Create and share HealthKit samples.
Your app can create new samples and add them to the HealthKit store. Although all sample types follow a similar procedure, each type has its own variations:
Use the convenience methods on the
HKObjectclass to create the correct object type for your data. For example, to save the user’s weight, you’d create an
HKQuantityobject using the
quantitymethod. For a list of convenience methods, see
Instantiate an object of the matching
HKSamplesubclass using the object type.
Save the object to the HealthKit store using the
HKSample subclass has its own convenience methods for instantiating sample objects, which modify the steps described in the list above.
For quantity samples, create an instance of the
HKQuantity class. The quantity’s units must correspond to the allowable units described in the type identifier’s documentation. For example, the
height documentation states that it uses length units. Therefore, your quantity must use centimeters, meters, feet, inches, or another compatible unit. For more information, see
For category samples, the sample’s value must correspond to the enum described in the type identifier’s documentation. For example, the
sleep documentation states that it uses the
HKCategory enum. Therefore, you must pass a value from this enum when creating this sample. For more information, see
For correlations, you must first create all the sample objects that the correlation will contain. The correlation’s type identifier describes both the type and the number of objects that can be contained. Do not save the contained objects into the HealthKit store. They are stored as part of the correlation. For more information, see
Balance Performance and Details
When saving data to the HealthKit store, you often need to choose between using a single sample to represent the data or splitting the data across multiple, smaller samples. A single, long sample is better from a performance perspective; however, multiple smaller samples gives the user a more detailed look into how their data changes over time. Ideally, you want to find a sample size that is granular enough to provide the user with useful historical data.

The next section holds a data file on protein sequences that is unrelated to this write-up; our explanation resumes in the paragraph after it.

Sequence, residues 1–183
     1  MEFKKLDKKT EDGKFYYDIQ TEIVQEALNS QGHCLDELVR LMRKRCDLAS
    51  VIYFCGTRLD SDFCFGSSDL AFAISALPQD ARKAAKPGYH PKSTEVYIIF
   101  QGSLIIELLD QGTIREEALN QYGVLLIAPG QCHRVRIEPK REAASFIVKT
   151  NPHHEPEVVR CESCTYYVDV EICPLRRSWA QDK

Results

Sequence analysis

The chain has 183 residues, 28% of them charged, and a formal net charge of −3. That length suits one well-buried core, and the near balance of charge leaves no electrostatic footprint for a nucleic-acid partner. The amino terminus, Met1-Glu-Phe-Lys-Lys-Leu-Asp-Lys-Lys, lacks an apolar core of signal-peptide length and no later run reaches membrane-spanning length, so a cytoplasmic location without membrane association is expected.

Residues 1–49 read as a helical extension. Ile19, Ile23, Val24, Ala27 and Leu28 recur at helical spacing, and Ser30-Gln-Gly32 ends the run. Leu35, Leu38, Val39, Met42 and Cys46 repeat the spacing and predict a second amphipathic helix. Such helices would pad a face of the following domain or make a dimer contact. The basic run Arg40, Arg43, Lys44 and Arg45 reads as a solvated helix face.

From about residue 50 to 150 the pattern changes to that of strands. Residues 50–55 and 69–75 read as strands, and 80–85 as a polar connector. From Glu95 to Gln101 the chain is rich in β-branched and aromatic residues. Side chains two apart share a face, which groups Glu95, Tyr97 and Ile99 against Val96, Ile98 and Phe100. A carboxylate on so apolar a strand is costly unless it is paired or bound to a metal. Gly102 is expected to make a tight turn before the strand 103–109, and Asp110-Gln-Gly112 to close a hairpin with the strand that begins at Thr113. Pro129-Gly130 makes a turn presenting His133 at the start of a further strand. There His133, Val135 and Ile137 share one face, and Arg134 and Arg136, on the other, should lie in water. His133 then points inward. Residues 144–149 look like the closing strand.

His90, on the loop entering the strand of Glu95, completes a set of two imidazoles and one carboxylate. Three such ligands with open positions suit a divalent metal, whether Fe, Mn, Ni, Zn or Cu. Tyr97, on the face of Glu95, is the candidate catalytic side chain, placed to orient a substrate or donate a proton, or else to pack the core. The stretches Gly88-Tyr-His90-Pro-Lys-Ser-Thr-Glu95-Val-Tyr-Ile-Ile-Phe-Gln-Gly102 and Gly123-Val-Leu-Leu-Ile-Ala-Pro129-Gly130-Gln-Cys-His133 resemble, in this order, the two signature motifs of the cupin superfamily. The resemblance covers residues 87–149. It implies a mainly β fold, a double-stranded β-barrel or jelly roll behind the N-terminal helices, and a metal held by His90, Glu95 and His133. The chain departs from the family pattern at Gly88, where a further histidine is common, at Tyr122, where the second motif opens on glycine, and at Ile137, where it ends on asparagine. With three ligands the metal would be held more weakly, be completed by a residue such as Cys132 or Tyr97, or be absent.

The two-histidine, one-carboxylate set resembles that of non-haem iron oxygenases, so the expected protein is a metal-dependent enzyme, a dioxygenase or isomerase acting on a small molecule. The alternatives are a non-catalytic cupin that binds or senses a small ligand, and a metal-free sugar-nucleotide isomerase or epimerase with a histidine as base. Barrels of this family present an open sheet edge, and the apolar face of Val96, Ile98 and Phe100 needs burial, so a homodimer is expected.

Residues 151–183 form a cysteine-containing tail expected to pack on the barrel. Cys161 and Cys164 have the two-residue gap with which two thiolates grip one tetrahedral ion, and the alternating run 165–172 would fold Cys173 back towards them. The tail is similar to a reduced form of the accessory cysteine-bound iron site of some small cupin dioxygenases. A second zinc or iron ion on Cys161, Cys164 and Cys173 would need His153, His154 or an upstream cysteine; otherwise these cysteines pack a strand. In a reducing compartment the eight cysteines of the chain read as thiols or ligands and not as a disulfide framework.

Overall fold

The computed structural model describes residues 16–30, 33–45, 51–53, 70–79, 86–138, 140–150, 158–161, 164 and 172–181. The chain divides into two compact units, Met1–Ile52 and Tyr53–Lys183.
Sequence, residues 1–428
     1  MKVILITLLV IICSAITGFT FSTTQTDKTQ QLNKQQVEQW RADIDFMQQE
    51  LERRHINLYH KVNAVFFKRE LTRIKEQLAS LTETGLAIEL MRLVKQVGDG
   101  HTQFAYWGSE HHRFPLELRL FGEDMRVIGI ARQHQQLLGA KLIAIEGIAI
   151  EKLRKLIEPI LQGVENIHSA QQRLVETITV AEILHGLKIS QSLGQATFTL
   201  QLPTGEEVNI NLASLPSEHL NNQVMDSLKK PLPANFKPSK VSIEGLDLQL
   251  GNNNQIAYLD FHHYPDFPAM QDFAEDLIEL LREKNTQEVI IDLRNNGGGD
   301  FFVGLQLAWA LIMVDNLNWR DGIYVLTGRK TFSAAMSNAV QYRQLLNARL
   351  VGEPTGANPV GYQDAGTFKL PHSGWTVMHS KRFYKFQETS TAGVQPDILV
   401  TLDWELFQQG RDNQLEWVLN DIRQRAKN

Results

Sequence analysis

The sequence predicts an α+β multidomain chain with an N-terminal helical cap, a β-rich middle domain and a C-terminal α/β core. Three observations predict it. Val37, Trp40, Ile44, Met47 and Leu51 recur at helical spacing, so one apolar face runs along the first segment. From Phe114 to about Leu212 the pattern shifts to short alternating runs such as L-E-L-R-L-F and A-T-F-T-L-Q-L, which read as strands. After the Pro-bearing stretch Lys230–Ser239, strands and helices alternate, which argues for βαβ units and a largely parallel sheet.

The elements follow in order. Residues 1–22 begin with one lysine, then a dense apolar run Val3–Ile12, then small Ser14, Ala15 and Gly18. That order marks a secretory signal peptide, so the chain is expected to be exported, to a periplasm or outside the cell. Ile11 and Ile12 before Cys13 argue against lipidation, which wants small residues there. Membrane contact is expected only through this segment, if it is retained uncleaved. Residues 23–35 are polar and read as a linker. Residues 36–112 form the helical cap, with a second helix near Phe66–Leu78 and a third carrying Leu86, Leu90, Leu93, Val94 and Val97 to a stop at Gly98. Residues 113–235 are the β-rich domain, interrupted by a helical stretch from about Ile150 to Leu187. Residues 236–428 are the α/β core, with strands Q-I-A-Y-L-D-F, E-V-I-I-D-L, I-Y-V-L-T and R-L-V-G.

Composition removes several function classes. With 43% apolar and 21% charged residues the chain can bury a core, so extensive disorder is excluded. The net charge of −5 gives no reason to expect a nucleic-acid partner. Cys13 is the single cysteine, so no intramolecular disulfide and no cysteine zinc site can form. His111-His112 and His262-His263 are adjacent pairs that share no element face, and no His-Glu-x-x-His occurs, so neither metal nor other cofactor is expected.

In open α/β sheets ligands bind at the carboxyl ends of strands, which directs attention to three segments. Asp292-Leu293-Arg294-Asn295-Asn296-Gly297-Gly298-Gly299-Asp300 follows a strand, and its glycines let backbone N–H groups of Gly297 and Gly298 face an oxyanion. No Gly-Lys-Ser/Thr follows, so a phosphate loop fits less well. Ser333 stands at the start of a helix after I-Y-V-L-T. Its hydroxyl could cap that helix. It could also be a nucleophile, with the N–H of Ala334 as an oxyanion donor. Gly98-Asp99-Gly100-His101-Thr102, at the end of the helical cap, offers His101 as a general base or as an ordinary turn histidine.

When recording a workout, you can use high frequency data (a minute or less per sample) to provide intensity charts and otherwise analyze the user’s performance over the workout. For less intensive activity, like daily step counts, samples of an hour or less often work best. This lets you produce meaningful daily and hourly graphs.
Apps should avoid saving samples that are 24 hours long or longer.
Work with Data in the Health App
The Health app gives users access to all of the data in their HealthKit store. Users can view, add, delete, and manage their data.
Specifically, users can:
See a dashboard containing their current health data.
Access all the data stored in HealthKit. Users can view the data by type, by app, or by device.
Manage each app’s permission to read and write from the HealthKit store.
As a result, the Health app has a few important impacts on developing HealthKit apps. First, remember that users can always modify their data outside your app or even change your permission to access their data. As a result, your app should always query for the current data in the HealthKit store or perform background queries to track changes to the store.
Second, you can also use the Health app to view the data your app is saving to the HealthKit store. This can be particularly useful during early testing, to verify that your app is saving everything as expected.